AI fever is everywhere. And, our industry wasn’t an exception. AI in Adtech industry has gone far from basic data analysis and mining. We’re seeing increased adoption of AI and machine learning to do literally everything in the media buying process.
On a surficial level, AI may seem like ‘a sci-fi movie’ where robots and machines beat humans to win the jobs (We’re being optimistic). But, people working in AI tech know the importance and researchers carefully note the progression AI bringing us every year.
On the other hand, with all the jargons and multitudes of middlemen, we couldn’t streamline the Adtech ecosystem. As the industry grows, the severity of calculation, bidding, etc, becomes more difficult.
Hence, we’ve invited AI into our industry. Since then, we’ve seen substantial growth in accuracy and scaling. Today, we’re gonna take a look at how AI has been used by some innovative companies to better the Adtech landscape.
Maxus – Lucy:
The media agency Maxus uses an AI called ‘Lucy’ to process and organize data (structured) for increasing the effectiveness and efficiency of the campaigns.
“AI is not going to rupture media agencies. Technology like this will be how we evolve,” said Gaines, Chief Planning Officer of Maxus.
For instance, Maxus utilized Lucy to segment audience and understand the influence of media (TV, Social, etc.) have on them. This, in turn, helped an Asian Cosmetic Brand and a Hotel Chain to optimize and reach potential prospects effectively.
Rubicon – nToggle:
Rubicon bought nToggle, a startup that developed a platform to streamline bid requests last year. nToggle uses Machine Learning (ML) to weed out impressions that DSP would be better off without bidding.
The process depends on ‘traffic shaping’. In the ‘Header Bidding’ era, the volume of impressions a DSP supposed to handle is too high. This increases the operating and infrastructure costs and makes the buying process less optimized.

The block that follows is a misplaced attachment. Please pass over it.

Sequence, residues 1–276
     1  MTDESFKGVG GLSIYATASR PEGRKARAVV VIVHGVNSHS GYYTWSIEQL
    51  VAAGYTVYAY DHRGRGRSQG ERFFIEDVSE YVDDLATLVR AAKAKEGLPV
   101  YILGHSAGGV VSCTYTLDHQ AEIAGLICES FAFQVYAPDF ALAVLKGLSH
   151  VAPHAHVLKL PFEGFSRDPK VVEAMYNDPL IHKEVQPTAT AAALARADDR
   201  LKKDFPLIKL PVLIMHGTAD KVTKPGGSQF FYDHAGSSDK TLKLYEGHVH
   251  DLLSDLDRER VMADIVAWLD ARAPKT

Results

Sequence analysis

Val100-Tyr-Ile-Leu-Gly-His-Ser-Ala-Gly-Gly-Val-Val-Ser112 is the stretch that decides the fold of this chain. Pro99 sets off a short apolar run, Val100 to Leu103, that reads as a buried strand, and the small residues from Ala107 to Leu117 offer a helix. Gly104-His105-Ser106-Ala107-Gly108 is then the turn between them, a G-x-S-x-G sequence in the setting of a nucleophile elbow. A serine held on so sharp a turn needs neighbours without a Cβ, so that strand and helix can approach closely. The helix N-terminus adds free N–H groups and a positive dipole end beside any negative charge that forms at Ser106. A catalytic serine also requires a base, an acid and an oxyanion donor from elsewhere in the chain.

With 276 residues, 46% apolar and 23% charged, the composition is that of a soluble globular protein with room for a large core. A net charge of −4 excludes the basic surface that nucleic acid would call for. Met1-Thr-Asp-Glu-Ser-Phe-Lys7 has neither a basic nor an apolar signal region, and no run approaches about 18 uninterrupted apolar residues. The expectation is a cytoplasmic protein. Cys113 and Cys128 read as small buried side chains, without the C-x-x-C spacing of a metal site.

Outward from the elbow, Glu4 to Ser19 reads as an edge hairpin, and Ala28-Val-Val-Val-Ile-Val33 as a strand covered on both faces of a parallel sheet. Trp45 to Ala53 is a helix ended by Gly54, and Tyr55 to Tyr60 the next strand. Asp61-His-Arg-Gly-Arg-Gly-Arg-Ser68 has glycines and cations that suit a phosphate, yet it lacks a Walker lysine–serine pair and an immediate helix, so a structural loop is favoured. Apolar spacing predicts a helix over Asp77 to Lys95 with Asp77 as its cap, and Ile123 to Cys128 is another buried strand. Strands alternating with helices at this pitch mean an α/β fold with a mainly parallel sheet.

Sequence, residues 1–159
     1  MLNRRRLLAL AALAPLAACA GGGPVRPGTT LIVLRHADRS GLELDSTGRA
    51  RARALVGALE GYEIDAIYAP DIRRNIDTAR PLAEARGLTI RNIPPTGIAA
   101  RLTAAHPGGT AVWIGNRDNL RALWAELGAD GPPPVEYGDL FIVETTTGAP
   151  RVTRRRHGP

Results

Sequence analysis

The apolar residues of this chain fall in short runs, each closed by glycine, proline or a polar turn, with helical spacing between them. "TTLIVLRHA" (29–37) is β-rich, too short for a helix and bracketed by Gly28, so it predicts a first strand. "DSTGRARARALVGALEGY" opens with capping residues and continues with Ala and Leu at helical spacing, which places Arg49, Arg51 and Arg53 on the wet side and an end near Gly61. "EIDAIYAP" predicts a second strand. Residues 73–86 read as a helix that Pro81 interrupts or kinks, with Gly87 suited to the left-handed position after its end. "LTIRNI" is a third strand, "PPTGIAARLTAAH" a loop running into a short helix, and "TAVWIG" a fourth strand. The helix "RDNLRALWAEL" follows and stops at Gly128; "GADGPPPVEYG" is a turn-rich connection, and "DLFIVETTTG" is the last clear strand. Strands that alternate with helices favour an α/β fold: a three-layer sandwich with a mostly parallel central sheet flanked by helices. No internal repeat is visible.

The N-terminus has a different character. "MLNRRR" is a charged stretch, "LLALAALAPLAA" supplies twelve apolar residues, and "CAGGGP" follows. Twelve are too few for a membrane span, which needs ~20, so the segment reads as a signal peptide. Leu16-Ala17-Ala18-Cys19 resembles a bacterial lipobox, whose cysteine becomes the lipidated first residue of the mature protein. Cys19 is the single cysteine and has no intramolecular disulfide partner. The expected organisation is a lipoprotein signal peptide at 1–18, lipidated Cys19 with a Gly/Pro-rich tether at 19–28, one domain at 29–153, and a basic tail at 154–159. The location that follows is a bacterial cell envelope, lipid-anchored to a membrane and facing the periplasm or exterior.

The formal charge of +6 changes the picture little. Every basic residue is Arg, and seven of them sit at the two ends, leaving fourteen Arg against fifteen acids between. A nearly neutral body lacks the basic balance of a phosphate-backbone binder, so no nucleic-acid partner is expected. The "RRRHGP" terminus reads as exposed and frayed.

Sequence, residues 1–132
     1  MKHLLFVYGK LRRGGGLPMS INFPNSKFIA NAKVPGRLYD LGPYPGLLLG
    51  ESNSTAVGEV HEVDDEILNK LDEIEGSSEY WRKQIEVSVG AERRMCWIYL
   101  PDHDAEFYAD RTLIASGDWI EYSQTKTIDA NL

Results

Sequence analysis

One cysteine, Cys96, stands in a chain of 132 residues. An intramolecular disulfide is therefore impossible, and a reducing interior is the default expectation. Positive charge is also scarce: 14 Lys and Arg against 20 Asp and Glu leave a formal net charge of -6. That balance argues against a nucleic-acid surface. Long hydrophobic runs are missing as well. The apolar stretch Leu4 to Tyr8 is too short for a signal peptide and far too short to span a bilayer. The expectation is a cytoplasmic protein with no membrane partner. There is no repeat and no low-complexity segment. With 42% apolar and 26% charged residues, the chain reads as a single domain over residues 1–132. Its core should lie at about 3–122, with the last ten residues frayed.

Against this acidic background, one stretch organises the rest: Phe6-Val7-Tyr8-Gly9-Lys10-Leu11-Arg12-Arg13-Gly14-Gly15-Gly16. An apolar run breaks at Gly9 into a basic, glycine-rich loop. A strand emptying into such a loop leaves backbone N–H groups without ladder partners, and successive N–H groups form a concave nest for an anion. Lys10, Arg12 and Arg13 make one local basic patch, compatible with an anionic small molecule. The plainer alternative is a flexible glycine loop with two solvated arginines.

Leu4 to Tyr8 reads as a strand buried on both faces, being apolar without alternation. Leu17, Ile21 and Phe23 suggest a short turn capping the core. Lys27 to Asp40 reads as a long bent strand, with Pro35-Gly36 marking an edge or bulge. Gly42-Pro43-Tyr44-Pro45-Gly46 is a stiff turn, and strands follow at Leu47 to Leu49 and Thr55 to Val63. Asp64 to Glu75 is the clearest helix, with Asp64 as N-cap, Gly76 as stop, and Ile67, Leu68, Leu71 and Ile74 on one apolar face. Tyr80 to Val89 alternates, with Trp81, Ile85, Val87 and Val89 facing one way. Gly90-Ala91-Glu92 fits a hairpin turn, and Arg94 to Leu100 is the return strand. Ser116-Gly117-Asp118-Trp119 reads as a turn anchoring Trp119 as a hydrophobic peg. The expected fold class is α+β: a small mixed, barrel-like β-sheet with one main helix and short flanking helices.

Rubicon’ nToggle will allow DSP to bid on the right impressions and facilitates its smooth operation. Quality impressions in a growing volume are what nToggle promises to buyers using Rubicon.
MediaMath – IBM’s Watson:
MediaMath has partnered with IBM Watson at the end of last year. When eMarketer interviewed Chris Victory, Vice President of MediaMath to learn about the goal of AI partnership with IBM, Chris stated that the focus is on three areas.
Decisioning – MediaMath is planning to infuse AI into decisions. As AI can consolidate and analyze millions of touch points and industry data, MediaMath looks to drive more optimized economic decisions through this partnership.
Ad Creative – Ad creatives aren’t flat anymore and interstitial creatives are on the standard rise. Chris said it’s the next generation ads where you can ask questions directly to the ad and it can answer back with a Call-to-Action*.
*Recently, Emirates Airlines used chatbots in banner ads and reportedly saw an 87 percent lift in engagement, per source.
Insights – Another area where AI can be leveraged is reporting and analytics. With more advanced researching and data mining capabilities, AI algorithms can be used to derive impactful insights for any campaigns.